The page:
Refugee crisis: Aid organisations end activities in Greece over government’s ‘police-run’ detention centres

Under the migration deal between the EU and Ankara, virtually all those arriving on the Greek islands will be returned to Turkey

Emma Gatten
Lesbos
Wednesday 23 March 2016 19:33
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A man waits inside an abandoned house to cross to the island of Chios in Cesme, Greece. Aid organistaions are refusing to support a former registration centre on Chios as it has now become a refugee detention centre
A man waits inside an abandoned house to cross to the island of Chios in Cesme, Greece. Aid organistaions are refusing to support a former registration centre on Chios as it has now become a refugee detention centre

Four international aid organisations have followed UNHCR in refusing to work in new refugee detention centres on the Greek islands, in protest at the “unlawful” implementation of the EU-Turkey deal.

Save the Children said it would no longer be providing assistance to refugees at any of the five refugee “hotspots” it was operating across the Greek islands, due to fears they would now be used to hold migrants for indefinite and unlawful periods of time, since the deal came into force on Sunday.

The Norwegian Refugee Council also said they would no longer be providing assistance at the Vial registration centre on the island of Chios.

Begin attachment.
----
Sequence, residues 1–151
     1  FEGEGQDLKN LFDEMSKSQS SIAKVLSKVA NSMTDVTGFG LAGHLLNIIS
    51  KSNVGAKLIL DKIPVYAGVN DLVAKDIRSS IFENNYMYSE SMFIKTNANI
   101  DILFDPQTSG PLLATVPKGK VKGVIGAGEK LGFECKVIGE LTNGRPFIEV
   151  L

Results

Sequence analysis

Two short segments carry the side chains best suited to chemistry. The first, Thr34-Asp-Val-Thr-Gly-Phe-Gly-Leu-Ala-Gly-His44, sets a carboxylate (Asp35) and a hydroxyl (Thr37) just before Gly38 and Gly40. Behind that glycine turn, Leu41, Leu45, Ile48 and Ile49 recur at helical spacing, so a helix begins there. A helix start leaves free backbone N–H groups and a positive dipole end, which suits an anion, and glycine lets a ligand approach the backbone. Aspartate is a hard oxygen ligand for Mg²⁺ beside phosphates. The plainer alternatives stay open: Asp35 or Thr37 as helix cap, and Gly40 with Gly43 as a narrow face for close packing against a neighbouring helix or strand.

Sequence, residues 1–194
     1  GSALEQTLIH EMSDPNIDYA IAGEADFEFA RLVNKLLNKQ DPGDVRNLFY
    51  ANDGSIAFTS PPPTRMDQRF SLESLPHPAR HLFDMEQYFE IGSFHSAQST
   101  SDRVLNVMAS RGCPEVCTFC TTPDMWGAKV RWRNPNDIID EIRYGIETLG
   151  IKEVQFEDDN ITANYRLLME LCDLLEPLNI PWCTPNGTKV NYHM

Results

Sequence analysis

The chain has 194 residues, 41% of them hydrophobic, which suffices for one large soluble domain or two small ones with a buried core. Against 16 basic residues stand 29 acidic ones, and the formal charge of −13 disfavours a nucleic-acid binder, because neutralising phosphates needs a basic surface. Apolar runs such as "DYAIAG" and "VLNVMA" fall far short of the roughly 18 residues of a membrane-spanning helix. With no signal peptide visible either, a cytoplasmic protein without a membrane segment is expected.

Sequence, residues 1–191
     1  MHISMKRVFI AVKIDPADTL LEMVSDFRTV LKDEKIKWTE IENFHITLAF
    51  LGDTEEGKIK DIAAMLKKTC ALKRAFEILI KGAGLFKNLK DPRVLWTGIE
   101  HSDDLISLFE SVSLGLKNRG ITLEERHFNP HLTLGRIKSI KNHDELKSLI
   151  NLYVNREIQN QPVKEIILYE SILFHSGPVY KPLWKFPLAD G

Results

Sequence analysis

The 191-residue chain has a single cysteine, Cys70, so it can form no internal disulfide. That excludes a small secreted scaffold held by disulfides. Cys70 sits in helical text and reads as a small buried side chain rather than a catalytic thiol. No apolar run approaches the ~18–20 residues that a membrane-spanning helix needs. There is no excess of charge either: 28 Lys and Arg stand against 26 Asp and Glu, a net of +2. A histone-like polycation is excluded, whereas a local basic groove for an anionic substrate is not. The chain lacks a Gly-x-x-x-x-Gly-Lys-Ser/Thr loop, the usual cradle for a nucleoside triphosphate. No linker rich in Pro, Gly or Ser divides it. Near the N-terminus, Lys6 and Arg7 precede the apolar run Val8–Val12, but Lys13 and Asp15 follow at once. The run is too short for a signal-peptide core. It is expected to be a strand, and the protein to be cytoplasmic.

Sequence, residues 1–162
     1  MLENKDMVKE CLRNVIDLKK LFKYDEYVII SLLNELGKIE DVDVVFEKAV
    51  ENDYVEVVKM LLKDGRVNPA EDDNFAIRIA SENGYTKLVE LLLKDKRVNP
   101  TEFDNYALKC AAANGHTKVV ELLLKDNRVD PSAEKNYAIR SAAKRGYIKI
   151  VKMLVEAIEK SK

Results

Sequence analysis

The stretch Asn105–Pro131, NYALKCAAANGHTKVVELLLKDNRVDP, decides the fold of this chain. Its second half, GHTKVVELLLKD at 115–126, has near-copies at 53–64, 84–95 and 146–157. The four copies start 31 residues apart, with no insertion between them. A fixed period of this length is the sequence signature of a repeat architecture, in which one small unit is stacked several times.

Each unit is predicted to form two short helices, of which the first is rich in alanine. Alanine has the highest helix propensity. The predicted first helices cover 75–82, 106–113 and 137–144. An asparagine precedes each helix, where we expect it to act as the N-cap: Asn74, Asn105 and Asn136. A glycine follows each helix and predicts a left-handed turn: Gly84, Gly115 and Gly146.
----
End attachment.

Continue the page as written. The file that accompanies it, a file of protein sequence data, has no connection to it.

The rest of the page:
Under the deal, all migrants arriving to the Greek islands will be returned to Turkey, unless they have a successful claim of asylum. The centres on the five Greek islands had previously been “open” – where refugees could come and go before receiving the required paperwork to leave the island.

“Asylum applications, interviews, and assessments could take weeks, or even months, and the result is that asylum-seekers are, and will, be placed in unlawful detention,” said Kirsty McNeill, director of policy for Save the Children.

'Sorry Brussels', say refugees

Their decision followed an announcement the previous day by MSF to suspend its activities in the former registration facility at Moria, on Lesvos, now also a detention centre, citing concerns that Turkey could not be safe place for return.

“We don’t want to have our role used to help expel people en masse to target in a blatant breach of their human rights,” Constance Theisen, MSF’s humanitarian affairs officer, said.

Meanwhile the International Rescue Committee echoed the UNHCR in saying it would no longer provide transport for refugees to the Moria facility in protest at its new use.

“We cannot knowingly participate in the transportation of some of the world’s most vulnerable to a place where their freedom of movement is in question,” Panos Navrozidis, the IRC’s Greece country director said.

The European Commission has said that, under the deal, asylum seekers will be held in open registration centres, but there has so far been no sign that will be implemented.

A spillover site at the Moria facility packed up, after the last of its residents agreed to enter the detention facility following orders by police.

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